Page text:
Progress Appraisal as a Challenging Element of Coordination in Human and Machine Joint Activity

  • Paul J. Feltovich
  • Jeffrey M. Bradshaw
  • William J. Clancey
  • Matthew Johnson
  • Larry Bunch
Conference paper
Part of the Lecture Notes in Computer Science book series (LNCS, volume 4995)


Joint activity, as we define it, is a mutually interdependent social endeavor that requires sufficient predictability among participating parties to enable coordination. Coordination, in turn, sometimes requires the parties to appraise the state of progress of their activities so that, if necessary, they can adjust their actions to meet coordination needs and communicate their status to others as appropriate. A significant impediment as yet precluding the full participation of automation in joint activity with people is its inability to sense and communicate aspects of its state that would allow other participants to meaningfully assess progress toward (or anticipate failure with respect to) mutual objectives. In the current article, we address various issues associated with “progress appraisal” and the challenges it poses for human-machine systems. We point to promising directions for future work.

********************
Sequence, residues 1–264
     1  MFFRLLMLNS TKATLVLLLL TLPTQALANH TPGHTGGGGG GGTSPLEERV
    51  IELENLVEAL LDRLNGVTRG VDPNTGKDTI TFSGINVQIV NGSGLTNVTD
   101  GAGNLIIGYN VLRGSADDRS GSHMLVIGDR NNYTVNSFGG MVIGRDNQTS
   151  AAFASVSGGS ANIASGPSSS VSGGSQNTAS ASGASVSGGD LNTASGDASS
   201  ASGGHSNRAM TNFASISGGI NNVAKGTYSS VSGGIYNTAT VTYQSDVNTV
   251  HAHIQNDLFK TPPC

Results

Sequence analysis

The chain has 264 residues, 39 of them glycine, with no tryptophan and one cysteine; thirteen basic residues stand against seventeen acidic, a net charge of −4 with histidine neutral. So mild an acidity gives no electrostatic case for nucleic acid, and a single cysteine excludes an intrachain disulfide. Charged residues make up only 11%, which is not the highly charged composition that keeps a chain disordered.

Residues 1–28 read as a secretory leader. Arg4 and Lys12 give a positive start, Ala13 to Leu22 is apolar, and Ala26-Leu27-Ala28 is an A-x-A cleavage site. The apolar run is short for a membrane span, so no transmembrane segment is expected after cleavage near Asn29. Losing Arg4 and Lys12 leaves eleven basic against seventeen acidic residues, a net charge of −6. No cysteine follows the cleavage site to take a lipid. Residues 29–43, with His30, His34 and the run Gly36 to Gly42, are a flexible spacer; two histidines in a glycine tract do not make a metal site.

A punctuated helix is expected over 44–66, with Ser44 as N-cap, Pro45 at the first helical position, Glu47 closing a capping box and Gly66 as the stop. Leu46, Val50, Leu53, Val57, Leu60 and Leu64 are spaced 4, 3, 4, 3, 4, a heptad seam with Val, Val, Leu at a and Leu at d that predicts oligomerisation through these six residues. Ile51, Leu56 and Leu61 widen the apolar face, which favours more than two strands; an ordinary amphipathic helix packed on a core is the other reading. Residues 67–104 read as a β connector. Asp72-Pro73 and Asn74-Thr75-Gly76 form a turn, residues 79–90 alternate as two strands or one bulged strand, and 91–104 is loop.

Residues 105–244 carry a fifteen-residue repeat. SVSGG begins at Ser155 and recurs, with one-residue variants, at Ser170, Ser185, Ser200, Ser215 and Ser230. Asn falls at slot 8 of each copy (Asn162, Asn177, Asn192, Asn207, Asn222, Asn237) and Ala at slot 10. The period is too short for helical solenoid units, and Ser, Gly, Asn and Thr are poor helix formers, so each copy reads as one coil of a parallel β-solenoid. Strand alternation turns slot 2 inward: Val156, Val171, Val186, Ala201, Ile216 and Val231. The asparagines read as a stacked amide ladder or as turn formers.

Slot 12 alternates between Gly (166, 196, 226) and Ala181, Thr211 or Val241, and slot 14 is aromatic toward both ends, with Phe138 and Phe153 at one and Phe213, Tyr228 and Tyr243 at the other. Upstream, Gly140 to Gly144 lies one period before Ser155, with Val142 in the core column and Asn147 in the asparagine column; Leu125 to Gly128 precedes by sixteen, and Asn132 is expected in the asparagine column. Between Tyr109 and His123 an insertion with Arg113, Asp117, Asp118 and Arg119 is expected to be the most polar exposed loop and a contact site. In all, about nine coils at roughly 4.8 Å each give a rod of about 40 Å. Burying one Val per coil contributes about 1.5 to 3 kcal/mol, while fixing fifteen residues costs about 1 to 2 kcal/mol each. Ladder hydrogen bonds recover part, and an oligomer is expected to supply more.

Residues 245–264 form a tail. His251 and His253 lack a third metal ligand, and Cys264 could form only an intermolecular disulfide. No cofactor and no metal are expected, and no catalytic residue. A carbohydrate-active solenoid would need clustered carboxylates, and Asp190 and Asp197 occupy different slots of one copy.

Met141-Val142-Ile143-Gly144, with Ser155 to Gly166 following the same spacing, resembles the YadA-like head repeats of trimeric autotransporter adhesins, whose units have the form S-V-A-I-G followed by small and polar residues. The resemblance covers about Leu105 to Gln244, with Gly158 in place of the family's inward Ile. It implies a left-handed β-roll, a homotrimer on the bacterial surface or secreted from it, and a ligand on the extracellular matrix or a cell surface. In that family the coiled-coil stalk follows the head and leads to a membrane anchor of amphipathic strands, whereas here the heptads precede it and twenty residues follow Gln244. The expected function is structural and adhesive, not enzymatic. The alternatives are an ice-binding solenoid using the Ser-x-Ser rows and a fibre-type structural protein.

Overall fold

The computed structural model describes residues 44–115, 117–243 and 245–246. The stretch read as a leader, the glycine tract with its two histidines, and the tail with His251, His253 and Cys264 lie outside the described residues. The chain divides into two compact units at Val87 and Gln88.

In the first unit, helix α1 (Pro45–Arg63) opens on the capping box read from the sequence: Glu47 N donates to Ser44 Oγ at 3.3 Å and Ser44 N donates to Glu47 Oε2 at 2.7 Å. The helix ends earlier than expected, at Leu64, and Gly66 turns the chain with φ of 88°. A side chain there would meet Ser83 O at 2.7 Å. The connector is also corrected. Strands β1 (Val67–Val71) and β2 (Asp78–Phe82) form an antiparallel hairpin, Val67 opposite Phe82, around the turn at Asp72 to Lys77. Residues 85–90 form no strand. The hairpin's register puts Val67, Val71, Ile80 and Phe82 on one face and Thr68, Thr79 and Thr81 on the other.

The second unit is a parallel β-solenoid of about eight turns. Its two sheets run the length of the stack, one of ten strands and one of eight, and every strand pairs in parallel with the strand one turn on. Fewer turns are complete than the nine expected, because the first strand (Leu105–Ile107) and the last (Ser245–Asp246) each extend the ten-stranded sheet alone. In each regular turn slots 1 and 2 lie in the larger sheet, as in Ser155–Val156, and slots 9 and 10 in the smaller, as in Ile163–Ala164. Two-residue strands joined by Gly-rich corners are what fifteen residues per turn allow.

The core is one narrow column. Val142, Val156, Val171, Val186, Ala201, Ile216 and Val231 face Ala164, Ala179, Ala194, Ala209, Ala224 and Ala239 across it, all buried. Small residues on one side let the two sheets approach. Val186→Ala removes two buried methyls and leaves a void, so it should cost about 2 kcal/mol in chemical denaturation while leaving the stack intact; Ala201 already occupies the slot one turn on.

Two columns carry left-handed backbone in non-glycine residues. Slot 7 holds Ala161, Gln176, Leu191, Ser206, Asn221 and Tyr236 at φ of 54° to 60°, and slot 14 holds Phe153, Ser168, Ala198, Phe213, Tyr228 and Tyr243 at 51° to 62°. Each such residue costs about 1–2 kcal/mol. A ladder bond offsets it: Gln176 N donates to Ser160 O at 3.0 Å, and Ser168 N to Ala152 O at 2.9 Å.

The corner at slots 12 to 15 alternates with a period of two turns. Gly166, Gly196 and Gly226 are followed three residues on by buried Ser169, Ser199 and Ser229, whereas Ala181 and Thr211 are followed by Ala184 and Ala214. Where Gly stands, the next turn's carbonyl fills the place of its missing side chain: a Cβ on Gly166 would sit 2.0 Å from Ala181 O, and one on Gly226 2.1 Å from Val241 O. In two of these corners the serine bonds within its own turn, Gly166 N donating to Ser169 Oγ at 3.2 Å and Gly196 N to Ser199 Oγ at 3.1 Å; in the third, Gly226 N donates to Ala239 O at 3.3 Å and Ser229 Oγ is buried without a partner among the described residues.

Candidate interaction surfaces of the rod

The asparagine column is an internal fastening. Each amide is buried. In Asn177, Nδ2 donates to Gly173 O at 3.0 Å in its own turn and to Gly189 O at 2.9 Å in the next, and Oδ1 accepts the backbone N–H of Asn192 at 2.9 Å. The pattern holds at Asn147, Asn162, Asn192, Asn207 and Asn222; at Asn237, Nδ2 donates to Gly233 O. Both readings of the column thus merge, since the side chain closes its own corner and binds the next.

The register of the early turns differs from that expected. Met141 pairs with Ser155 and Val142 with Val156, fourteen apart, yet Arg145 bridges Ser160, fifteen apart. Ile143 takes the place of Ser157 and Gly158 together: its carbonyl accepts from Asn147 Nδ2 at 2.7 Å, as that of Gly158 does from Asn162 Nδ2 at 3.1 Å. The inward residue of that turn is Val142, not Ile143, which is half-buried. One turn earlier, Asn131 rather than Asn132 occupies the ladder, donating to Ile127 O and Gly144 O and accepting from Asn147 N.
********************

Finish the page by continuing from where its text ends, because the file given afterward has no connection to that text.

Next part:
Coordination culture human-agent-robotic systems joint activity ontology policy predictability regulation teamwork progress appraisal common ground 


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Copyright information

© Springer-Verlag Berlin Heidelberg 2008

Authors and Affiliations

  • Paul J. Feltovich
    • 1
  • Jeffrey M. Bradshaw
    • 1
  • William J. Clancey
    • 1
  • Matthew Johnson
    • 1
  • Larry Bunch
    • 1
  1. 1.Florida Institute for Human & Machine Cognition (IHMC)PensacolaUSA

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